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Ruins and Fragments

Tales of Loss and Rediscovery

What is it about ruins that are so alluring, so puzzling, that they can hold some of us in endless wonder over the half-erased story they tell? In this elegant book, Robert Harbison explores the captivating hold these remains and broken pieces—from architecture, art, and literature—have on us. Why are we, he asks, so suspicious of things that are too smooth, too continuous? What makes us feel, when we look upon a fragment, that its very incompletion has a kind of meaning in itself? Is it that our experience on earth is inherently discontinuous, or that we are simply unable to believe in anything whole?
Harbison guides us through ruins and fragments, both ancient and modern, visual and textual, showing us how they are crucial to understanding our current mindset and how we arrived here. First looking at ancient fragments, he examines the ways we have recovered, restored, and exhibited them as artworks. Then he moves on to modernist architecture and the ways that it seeks a fragmentary form, examining modern projects that have been designed into existing ruins, such as the Castelvecchio in Verona, Italy and the reconstruction of the Neues Museum in Berlin. From there he explores literature and the works of T. S. Eliot, Montaigne, Coleridge, Joyce, and Sterne, and how they have used fragments as the foundation for creating new work. Likewise he examines the visual arts, from Schwitters’ collages to Ruskin’s drawings, as well as cinematic works from Sergei Eisenstein to Julien Temple, never shying from more deliberate creators of ruin, from Gordon Matta-Clark to countless graffiti artists.
From ancient to modern times and across every imaginable form of art, Harbison takes a poetic look at how ruins have offered us a way of understanding history and how they have enabled us to create the new. 

208 pages | 60 halftones | 5 1/2 x 8 1/2 | © 2015


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“There is a beauty in the symmetry between Harbison’s subject matter and his style . . . those of us who love his work love precisely the way those intellectual jumbles reflect an idea about the world . . . Harbison’s books . . . consistently provide brief, fragmentary glimmers of hope.”

New Yorker

“Teeming study of the aesthetics and reality of ruins. . . . Harbison is well placed to explore these dilapidated cultural precincts. . . . Harbison's wide-ranging meditation on the allure of decline and decay is an erudite addition to the literature.”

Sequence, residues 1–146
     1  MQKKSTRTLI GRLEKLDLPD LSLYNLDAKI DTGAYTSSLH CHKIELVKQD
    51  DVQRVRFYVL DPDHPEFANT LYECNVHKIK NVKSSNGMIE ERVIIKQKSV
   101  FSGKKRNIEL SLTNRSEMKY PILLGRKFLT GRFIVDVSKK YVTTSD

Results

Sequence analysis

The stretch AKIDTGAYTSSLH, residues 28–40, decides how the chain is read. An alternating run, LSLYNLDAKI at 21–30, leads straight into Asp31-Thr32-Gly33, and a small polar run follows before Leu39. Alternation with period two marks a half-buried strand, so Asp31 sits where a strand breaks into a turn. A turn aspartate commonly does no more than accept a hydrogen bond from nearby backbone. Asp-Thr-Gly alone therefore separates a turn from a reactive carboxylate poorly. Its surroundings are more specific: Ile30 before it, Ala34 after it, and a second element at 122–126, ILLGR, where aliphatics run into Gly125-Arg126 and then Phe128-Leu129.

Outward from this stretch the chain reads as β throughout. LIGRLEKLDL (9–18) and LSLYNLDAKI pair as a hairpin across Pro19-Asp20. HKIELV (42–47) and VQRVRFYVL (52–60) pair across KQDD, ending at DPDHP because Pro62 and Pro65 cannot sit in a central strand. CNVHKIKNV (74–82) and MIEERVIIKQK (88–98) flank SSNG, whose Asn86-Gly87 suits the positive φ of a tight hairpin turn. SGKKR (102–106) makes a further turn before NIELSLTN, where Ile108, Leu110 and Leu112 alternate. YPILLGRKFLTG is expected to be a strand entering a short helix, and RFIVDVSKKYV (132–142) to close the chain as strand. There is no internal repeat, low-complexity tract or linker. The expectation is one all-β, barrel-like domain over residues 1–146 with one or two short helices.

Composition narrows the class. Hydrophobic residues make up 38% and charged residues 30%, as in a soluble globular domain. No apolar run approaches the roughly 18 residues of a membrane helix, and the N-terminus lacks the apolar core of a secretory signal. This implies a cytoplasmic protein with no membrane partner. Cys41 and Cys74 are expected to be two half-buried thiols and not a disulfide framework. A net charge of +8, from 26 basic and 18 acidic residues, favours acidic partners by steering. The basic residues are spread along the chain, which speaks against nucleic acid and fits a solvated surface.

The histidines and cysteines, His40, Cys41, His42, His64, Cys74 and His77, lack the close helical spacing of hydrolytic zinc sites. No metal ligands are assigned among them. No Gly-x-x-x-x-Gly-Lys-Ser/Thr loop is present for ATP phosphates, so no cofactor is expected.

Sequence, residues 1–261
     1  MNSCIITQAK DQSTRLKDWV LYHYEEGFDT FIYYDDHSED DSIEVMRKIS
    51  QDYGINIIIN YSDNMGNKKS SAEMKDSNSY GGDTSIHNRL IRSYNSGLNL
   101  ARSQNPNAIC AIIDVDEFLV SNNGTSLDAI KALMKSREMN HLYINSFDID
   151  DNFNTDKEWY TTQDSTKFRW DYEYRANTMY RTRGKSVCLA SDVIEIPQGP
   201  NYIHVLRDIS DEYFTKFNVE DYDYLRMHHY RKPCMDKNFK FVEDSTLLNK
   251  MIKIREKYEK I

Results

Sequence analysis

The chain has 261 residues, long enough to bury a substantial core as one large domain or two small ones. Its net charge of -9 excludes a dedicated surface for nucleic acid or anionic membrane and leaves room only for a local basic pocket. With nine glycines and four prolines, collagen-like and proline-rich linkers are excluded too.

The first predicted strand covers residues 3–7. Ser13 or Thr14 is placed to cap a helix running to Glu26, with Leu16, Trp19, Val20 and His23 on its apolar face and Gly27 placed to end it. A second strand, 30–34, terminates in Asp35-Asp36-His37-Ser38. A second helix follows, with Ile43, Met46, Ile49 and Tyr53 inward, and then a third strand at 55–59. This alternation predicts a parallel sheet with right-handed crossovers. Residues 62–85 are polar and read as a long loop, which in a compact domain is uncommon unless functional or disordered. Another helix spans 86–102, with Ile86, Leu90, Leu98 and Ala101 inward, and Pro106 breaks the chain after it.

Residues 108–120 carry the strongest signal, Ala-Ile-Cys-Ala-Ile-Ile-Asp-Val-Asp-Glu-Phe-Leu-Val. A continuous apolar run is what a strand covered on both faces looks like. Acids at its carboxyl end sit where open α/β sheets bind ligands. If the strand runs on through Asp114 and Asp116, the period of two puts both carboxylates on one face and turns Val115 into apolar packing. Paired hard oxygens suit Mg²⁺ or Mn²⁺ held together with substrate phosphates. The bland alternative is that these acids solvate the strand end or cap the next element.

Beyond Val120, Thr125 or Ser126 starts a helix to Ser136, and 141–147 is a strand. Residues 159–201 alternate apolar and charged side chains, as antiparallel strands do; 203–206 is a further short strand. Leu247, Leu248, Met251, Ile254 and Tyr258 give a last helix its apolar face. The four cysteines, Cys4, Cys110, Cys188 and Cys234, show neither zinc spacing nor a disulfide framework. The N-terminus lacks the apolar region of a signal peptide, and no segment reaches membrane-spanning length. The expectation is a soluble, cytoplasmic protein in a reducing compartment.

Architecture Toay

“Drawing parallels from modernist literature and art, Harbison suggests that the ruin and the fragment appeal to contemporary sensibilities precisely because of their incompleteness and their embodiment of loss and nostalgia. With the destruction of sites of antiquity by Isis, this is a timely and beautifully written study of why we are so attached to pieces of the past.”

Financial Times

Ruins and Fragments is a wonderfully alluring poem of absence: it weaves together such diverse strands as the language of Finnigan’s Wake, the montage of Eisenstein and Dziga Vertov, the aggressions of analytical Cubism and the reconstruction of the Warsaw Market Square into an enticing panorama of our perplexing times.”

Joseph Rykwert, author of The Judicious Eye, The Seduction of Place and The Idea of a Town

“A marvelous story-teller and shorer of fragments, Robert Harbison surveys the destiny of ruins from Oxyrynchus to the films of Ozu, to Phimai and beyond. Yet his underlying concern remains the aftermath of ‘war, cruelty, suffering’—the perpetual assault of human folly upon human constructions—and the history of our often poorly conceived attempts to rebuild. Harbison has composed a spell-binding meditation on the inevitability of fragmentation and dispersal.”

Susan Stewart, Avalon Foundation University Professor of the Humanities and Director, Society of Fellows in the Liberal Arts

“An extended meditation on disruption and discontinuity in (largely) Western culture, on fractures, on remembering and forgetting what we have lost, and on the ‘rough edges’ of our cultural world, from architecture to literature.”
“Harbison proves a keen observer of the paradoxes of reconstruction.”

Mary Beard | Times Literary Supplement

Table of Contents

1. Rough Edges
2. Fragmented Wholes
3. Modernist Ruin
4. Interrupted Texts
5. Ruined Narratives
6. Art and Destruction
7. Dreams of Recovery
Epilogue: Remembering and Forgetting
Photo Acknowledgements

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